I feel a strong urge to give some advice that may or may not be applicable, so feel free to disregard: a significant percentage of relationships like yours eventually end because the boy grows too emotionally dependent, which makes the girl lose attraction. So try to take choices that make your boyfriend a stronger person.

Thanks for the advice. I don't know whether it will be applicable; I've already spent the last 8 months trying to REDUCE his emotional dependency from "has a bad day if he doesn't see me" (I don't know, but I think it'd be pretty depressing to live like that) to "can go a couple of days without absolutely needing to see or talk to me." If it starts to rise again, though, yeah that'd be pretty annoying.

For what it's worth, I agree. "Attractions is not a choice" they say and there are few things as unattractive, as a man who is too needy. If one doesn't keep an eye on such developments, they may slowly suffocate the relationship and suddenly one wakes up and the flame of desire is extinguished.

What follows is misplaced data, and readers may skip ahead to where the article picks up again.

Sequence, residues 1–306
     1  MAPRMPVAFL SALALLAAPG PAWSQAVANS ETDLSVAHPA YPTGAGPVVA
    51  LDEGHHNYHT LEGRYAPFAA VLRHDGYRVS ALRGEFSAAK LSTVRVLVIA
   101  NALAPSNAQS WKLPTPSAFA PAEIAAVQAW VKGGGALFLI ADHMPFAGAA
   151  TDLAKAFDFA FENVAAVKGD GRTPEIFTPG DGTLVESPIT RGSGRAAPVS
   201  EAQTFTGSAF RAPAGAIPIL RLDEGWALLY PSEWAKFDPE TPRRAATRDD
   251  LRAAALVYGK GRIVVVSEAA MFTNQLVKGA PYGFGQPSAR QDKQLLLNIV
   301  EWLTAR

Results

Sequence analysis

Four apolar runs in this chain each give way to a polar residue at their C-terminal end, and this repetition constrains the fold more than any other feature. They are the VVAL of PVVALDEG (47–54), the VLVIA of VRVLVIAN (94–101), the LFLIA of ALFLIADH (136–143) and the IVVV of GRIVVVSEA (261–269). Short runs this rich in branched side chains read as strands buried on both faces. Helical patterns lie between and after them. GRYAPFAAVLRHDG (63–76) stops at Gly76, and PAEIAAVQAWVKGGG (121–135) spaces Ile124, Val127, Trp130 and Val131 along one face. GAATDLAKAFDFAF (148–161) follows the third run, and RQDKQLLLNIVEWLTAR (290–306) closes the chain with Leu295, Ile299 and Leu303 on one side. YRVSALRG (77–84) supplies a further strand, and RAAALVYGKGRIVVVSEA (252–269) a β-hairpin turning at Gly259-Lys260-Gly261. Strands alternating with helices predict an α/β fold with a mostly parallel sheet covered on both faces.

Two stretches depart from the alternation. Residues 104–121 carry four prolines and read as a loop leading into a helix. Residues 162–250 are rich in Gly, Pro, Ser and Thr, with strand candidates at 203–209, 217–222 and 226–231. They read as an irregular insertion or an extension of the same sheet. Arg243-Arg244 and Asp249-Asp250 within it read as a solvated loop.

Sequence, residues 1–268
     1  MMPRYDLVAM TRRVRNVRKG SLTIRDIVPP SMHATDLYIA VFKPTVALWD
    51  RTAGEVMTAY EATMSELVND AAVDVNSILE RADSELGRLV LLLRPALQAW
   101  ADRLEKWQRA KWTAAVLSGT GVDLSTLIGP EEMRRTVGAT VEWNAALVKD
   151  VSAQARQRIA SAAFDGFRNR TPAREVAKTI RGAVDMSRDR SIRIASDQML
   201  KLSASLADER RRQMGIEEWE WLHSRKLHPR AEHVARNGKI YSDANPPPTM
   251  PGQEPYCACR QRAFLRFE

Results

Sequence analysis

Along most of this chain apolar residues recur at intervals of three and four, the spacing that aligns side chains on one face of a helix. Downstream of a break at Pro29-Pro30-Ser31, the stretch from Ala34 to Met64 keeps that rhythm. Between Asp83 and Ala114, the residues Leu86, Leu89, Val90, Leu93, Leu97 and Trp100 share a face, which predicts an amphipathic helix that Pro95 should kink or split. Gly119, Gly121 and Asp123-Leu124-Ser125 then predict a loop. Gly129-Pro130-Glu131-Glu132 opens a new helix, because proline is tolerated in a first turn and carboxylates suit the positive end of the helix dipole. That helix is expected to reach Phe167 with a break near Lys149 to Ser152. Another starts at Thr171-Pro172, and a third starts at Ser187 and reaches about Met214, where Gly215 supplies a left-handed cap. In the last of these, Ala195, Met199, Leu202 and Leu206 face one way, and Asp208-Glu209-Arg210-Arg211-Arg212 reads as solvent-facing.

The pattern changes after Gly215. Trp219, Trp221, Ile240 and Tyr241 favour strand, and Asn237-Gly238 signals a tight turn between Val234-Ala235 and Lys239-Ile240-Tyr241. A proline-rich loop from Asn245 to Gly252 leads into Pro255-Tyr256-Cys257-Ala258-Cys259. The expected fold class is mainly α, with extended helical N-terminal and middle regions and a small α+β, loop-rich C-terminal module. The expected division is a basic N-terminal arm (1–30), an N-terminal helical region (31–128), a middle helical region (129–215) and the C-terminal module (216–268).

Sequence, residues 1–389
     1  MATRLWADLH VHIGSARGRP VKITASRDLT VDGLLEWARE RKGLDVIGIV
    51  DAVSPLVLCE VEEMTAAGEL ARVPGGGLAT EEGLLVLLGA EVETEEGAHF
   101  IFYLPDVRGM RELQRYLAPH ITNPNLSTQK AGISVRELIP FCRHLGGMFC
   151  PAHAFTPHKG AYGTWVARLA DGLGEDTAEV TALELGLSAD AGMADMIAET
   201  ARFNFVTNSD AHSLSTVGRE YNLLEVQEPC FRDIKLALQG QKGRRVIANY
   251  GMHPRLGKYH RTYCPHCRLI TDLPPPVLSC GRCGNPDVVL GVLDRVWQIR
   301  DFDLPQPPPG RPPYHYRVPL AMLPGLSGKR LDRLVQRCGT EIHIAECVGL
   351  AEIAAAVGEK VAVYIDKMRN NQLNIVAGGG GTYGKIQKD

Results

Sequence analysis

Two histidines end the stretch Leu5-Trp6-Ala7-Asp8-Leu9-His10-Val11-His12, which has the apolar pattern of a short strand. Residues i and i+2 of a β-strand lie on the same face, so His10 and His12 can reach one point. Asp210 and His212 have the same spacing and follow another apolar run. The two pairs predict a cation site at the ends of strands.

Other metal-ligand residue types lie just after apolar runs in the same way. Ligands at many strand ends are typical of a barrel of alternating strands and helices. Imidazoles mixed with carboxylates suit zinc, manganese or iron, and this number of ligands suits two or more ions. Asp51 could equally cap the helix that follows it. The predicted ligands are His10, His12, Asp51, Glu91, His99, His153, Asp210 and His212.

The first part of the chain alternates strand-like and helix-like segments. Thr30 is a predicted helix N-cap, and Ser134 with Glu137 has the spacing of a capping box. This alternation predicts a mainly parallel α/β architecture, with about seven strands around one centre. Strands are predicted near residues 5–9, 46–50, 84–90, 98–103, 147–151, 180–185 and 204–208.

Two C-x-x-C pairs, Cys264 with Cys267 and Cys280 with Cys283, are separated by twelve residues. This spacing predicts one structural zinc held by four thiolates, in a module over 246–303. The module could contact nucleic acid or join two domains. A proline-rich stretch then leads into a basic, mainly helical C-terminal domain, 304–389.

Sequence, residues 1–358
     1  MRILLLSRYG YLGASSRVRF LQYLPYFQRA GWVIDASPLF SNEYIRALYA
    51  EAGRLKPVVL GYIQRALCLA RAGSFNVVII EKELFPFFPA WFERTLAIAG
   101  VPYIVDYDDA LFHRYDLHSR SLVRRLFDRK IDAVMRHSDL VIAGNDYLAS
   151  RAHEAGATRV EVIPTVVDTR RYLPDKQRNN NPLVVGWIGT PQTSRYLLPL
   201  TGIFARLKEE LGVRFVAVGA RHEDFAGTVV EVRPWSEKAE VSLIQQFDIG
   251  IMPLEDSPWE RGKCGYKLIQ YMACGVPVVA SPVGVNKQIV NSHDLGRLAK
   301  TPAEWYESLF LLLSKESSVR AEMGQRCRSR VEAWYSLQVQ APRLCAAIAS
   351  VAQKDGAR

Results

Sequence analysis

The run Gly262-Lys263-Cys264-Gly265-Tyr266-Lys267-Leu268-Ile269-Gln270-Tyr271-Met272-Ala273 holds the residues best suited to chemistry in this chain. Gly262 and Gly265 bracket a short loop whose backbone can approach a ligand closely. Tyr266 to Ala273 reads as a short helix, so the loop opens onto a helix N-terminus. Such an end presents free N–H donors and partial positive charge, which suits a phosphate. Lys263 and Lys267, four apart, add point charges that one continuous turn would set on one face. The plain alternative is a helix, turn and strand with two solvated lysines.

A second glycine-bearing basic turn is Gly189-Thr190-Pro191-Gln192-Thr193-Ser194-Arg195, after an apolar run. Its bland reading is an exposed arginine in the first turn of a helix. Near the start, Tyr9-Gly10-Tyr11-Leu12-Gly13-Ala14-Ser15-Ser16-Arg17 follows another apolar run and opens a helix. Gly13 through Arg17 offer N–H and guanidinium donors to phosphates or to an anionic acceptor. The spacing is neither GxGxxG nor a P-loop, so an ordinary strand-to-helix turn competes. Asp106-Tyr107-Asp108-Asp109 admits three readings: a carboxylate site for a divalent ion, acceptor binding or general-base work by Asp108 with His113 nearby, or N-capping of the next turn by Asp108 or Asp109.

Yes. This applies (less frequently) to too-dependent females also. Presumably "hey, maybe I could do a lot better" is the obvious implication - so if other factors defeat that implication, I guess it's fine or may even be pleasant or reassuring.


Also, you've quite possibly picked the least judgmental crowd in the known universe to tell your story to, so I wouldn't worry - and you're still anonymous anyway, since you didn't use your real name here. I also didn't know about vaginismus before, which is really weird. (I mean the fact that I haven't heard of it yet, not the condition). I guess you never stop learning.

The only thing I'm curious about - did your accomplishment have anything to do with LW or rationality? Not that I'd sneer if that wasn't the case, I was just expecting some connection, since you started off with writing about when you first posted here.